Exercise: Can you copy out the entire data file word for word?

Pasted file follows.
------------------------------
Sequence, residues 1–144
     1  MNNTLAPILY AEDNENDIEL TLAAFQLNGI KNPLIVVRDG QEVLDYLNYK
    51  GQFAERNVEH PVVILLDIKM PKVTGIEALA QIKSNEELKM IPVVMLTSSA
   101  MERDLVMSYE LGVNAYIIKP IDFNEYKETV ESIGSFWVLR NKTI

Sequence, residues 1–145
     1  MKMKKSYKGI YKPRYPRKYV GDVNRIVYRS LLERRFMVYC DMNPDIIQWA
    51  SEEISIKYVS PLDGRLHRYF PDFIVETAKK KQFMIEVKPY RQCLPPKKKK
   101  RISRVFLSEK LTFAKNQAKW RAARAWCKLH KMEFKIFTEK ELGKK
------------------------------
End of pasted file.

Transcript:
Sequence, residues 1–144
     1  MNNTLAPILY AEDNENDIEL TLAAFQLNGI KNPLIVVRDG QEVLDYLNYK
    51  GQFAERNVEH PVVILLDIKM PKVTGIEALA QIKSNEELKM IPVVMLTSSA
   101  MERDLVMSYE LGVNAYIIKP IDFNEYKETV ESIGSFWVLR NKTI

Sequence, residues 1–145
     1  MKMKKSYKGI YKPRYPRKYV GDVNRIVYRS LLERRFMVYC DMNPDIIQWA
    51  SEEISIKYVS PLDGRLHRYF PDFIVETAKK KQFMIEVKPY RQCLPPKKKK
   101  RISRVFLSEK LTFAKNQAKW RAARAWCKLH KMEFKIFTEK ELGKK